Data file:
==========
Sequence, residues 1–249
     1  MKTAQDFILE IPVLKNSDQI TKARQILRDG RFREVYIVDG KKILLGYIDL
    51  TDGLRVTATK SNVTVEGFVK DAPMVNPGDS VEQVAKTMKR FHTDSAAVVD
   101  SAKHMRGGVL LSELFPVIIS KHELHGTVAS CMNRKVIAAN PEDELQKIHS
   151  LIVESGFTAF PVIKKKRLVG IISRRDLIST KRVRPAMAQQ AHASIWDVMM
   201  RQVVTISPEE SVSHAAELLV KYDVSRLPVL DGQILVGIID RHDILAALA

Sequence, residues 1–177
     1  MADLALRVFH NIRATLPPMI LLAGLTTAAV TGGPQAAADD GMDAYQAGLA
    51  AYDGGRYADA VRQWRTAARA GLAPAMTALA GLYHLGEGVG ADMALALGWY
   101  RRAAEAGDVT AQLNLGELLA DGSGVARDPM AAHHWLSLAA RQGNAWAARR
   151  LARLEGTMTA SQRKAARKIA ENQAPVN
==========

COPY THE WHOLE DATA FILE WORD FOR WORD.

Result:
Sequence, residues 1–249
     1  MKTAQDFILE IPVLKNSDQI TKARQILRDG RFREVYIVDG KKILLGYIDL
    51  TDGLRVTATK SNVTVEGFVK DAPMVNPGDS VEQVAKTMKR FHTDSAAVVD
   101  SAKHMRGGVL LSELFPVIIS KHELHGTVAS CMNRKVIAAN PEDELQKIHS
   151  LIVESGFTAF PVIKKKRLVG IISRRDLIST KRVRPAMAQQ AHASIWDVMM
   201  RQVVTISPEE SVSHAAELLV KYDVSRLPVL DGQILVGIID RHDILAALA

Sequence, residues 1–177
     1  MADLALRVFH NIRATLPPMI LLAGLTTAAV TGGPQAAADD GMDAYQAGLA
    51  AYDGGRYADA VRQWRTAARA GLAPAMTALA GLYHLGEGVG ADMALALGWY
   101  RRAAEAGDVT AQLNLGELLA DGSGVARDPM AAHHWLSLAA RQGNAWAARR
   151  LARLEGTMTA SQRKAARKIA ENQAPVN